Wednesday June 21, 1978

Dad and I went to Lynn and Dave's at Burley this evening to help finish splashing undercoat on the bedroom. Audrey and Henry Baker came in. ___________. Mrs B makes it obvious she dislikes Lynn's choice of 'Tomato Surprise' emulsion on the bedroom ceiling. However, tittle tattle on the subject of my sister's décor isn't getting us anywhere, is it?

What became of the excitement and pulsating thrills that once filled these pages? The sex, the violence, the passion, the tears, and the laughter?

What possible entertainment can you derive from knowing that tonight, for instance, I came back from Burley and sat with a glass of lager discussing the shabby picture on the wall above the fireplace with Mummy? You must be mad to find that remotely interesting.

David G phoned. I couldn't say whether I'd be putting in an appearance on Saturday. This so-called air display (at Woodford) begins in the morning, and so it's going to have to be a crack of dawn trip, isn't it?

Leapt into the bath and de-painted myself before retiring to bed.


Tuesday June 20, 1978

Full Moon 21:30

Mr Lazenby and others appeared in the office today and I told them the tale of Sunday night/Monday morning. By lunchtime I was a celebrity and could do no work for giving interviews to the more successful Blackpool travellers. Dave Bruce, for one, seems to hold me in higher esteem. Why making an utter and complete fool of myself in several counties in the space of five or six hours impressed my colleagues I fail to see. Perhaps it was a yearning for mystery and adventure they longed for. I was surrounded by forty or fifty lads who have always longed to be stranded in a northern seaside resort, but have never dared do it. Unlike me, the first EP Father's Day tripper to pass a night on the open road ~ on Her Majesty's highway. Surely, I now merit a front page splash in Postscript (our internal rag)? Indeed, I have achieved something this weekend that even Chris Bonington or Sherpa Tenzing could never even imagine doing.

Jacq phoned today and I apologised about crashing out on her arrival last night. Evidently John came up bearing belated Father's Day gifts. She and Mum entertained him in my absence.


Monday June 19, 1978

I went straight to the office arriving at 8:45 blistered and still covered in a fine layer of sand. The day proved too much for me and at 12 I had to leave the YP and make my way home.

Jacq came to see me at 8, bringing flowers for Mama whose wedding anniversary it is today. Minutes later I was out cold. Oh God! My first night in a bed since Thursday!


Sunday June 18, 1978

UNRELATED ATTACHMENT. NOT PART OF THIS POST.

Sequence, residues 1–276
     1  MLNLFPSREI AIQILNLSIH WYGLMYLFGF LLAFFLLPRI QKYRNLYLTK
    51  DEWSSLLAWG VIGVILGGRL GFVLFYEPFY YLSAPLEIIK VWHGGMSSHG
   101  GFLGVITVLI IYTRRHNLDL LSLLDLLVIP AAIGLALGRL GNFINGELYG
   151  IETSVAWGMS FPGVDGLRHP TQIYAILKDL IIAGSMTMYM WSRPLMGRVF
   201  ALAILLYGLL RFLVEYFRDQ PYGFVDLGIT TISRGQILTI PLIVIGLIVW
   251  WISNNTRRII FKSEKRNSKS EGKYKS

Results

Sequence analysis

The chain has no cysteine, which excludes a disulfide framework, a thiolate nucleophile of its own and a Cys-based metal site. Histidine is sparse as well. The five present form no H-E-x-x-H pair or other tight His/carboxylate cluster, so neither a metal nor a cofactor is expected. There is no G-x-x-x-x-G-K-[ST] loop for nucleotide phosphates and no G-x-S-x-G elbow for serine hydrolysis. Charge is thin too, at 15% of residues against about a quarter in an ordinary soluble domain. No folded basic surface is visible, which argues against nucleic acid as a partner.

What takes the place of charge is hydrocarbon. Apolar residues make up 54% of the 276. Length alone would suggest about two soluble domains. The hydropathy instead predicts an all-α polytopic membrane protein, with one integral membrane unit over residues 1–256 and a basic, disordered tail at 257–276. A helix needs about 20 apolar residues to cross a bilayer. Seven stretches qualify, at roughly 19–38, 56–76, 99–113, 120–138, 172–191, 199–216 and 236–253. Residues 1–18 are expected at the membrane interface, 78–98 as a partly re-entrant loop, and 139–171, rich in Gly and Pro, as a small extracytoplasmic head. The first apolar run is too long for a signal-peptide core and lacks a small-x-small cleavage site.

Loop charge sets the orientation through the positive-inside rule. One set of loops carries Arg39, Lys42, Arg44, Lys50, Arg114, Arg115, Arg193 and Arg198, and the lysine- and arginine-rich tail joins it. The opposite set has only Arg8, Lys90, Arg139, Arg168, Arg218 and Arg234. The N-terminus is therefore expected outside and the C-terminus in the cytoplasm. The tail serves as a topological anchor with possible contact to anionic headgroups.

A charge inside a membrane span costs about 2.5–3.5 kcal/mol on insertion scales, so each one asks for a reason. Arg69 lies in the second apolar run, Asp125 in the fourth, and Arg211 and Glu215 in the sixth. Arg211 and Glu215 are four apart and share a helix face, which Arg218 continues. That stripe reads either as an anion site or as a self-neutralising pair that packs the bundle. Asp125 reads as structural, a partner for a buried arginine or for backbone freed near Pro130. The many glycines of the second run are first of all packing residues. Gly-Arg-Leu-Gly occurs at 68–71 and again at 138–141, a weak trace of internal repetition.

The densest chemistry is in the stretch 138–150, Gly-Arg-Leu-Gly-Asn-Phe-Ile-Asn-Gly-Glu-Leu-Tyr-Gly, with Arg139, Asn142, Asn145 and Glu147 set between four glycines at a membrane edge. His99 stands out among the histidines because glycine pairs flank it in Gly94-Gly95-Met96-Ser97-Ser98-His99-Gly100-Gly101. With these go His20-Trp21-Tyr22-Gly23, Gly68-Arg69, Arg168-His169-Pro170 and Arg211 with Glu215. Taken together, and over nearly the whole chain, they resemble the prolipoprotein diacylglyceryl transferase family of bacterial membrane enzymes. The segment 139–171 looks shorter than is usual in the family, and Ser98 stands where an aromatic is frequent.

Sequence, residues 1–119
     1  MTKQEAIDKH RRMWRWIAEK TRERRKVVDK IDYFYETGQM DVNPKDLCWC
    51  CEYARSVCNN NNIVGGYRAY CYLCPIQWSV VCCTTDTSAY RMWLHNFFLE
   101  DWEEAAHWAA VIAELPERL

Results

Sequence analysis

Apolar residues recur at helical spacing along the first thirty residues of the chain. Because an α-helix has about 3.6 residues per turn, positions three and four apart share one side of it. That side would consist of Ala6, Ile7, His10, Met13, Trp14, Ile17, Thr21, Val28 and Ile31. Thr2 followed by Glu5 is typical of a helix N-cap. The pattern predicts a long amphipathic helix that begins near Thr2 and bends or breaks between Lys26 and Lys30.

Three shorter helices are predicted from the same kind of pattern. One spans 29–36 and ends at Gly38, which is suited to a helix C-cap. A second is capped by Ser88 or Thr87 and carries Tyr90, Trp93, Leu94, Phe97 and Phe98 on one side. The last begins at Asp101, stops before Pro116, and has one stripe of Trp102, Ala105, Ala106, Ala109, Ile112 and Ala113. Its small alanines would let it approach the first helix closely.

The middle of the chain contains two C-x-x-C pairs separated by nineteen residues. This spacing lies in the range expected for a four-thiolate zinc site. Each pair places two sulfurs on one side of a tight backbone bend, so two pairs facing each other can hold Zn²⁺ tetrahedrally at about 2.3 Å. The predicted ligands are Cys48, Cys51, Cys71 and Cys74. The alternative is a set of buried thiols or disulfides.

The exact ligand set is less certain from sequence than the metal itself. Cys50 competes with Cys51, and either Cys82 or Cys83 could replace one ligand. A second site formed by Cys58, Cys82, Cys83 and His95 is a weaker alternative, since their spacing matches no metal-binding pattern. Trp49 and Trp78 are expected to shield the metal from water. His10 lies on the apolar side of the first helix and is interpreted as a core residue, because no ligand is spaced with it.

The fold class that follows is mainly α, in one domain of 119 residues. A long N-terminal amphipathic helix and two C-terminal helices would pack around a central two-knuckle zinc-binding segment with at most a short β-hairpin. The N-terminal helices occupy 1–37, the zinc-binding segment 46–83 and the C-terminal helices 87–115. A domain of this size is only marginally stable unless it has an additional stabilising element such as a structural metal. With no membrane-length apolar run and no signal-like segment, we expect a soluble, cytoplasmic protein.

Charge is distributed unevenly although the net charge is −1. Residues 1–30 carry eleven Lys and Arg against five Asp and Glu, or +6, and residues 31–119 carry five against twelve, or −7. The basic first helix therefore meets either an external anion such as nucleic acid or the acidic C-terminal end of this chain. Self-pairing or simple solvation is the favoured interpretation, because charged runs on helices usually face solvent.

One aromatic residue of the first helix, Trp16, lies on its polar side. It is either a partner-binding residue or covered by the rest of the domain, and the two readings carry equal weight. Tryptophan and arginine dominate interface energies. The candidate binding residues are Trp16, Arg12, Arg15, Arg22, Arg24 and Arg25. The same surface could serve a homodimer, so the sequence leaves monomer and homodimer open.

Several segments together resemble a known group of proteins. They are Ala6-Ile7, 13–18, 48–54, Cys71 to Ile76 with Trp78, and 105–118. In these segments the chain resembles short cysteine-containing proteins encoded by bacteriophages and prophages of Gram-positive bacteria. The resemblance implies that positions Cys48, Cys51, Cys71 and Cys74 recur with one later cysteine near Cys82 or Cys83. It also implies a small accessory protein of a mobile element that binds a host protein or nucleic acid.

4th Sunday after Trinity

Father's Day

We walked (continued from the previous page - editor) to Guiseley in high spirits and of course in clothing and footwear. I deposited Jacq at a bus stop and went home to wash my face, change my shirt and collect a bottle of coffee wine. I then tanked back down the lane and found Jacq still waiting for a bus and so I took her to Mr Lazenby's residence, where I was set upon by Pete's common-law wife's bronchil son. In fact I was almost wiped out by the little brat.

At 7:30am Pete's girlfriend drove us all to the Central, where I parted with Jacq until tomorrow. And so it came to pass that on the morning of Father's Day we began our intake of alcoholic beverage. I am ashamed to say that I could only manage lager whilst Pete was drinking whisky. By the time the coach arrived at 9:30am we were all pissed up. I sat with Darryl Wills and Pete, who drank most of my coffee wine ~ at his own peril.

In typical fashion we hit Blackpool at noon and within minutes we were gathered in a lousy, tart-filled cavern drinking ale. Let me say that at this stage I was feeling quite fit, healthy and wide awake, but even as I pen this I must add that the memory of this pub is the last thing I do recall before waking up on the beach, covered in sand, with a Yorkshire terrier straddling my form, at 7pm in the evening.

Yes, the coach had left Blackpool at 6:30 without me, but to be fair they had waited in the station for half an hour. I was sunburned too. I didn't panic, weep or wail or throw my hands in the air with frustration. I got on the first coach I could find ~ to Preston ~ and hit the place at some time after 8. I managed to phone Pete at the Albion in Skipton with news of my safety, and then hitch hiked towards the motorway.

Pete told me that the coffee wine had had a drastic effect. I may have been stranded in the wilds of Lancashire but at least I was physically intact.

From here I was picked up by a geezer who drove like a maniac, and blasted off down a motorway which had a sign 'Leeds 45 miles'. He turned to me after heading a few miles down the road and said: "I'm going to have to drop you here because I'm forking off to Eccles now." I didn't want to go to Eccles. It was now about 11pm. It was a warm evening, which was a god thing, because my thin, gaily coloured deckchair-like shirt was my only protection from the elements.

So, I was stranded on the hard shoulder of the M-Way, and within minutes a police car pulled up and I was hauled inside and cautioned. It's an offence for pedestrians to perambulate on a motorway. "Anything you say will be taken down..." &c. I was booked, charged and tainted. My future political career was in tatters. The young PC drove me to a junction and ordered me off the motorway. I was dropped on a busy road and within minutes I was on a late night bus heading towards Manchester. It crossed my mind to go see Dave in Stockport, but decided not to. I didn't want to worry him, and he wouldn't want a fugitive on his hands. I was the only passenger on the bus and the driver looked back at me and enquired: "how do you fancy a Chinese meal?" I said "no thanks" but it didn't prevent him parking up the bus and nipping off into a restaurant for quite some time to dine. I waited for quite a bit and then went into a fish and chip shop next door and bought a few cans of pop to wash the sand out of my mouth. A woman in the shop asked to buy my shirt. I declined. We hit Manchester a little after 12 and once again I set off towards a motorway.

I met a friendly, but highly suspect taxi driver, who let me travel free of charge in his cab. He took me to the M62 (again), but after a couple of hours walking I hadn't secured a lift, and crossing fields I found myself in Rochdale (?). At 6am I got a bus back to Manchester where I waited for the first coach to Leeds at 7:30am.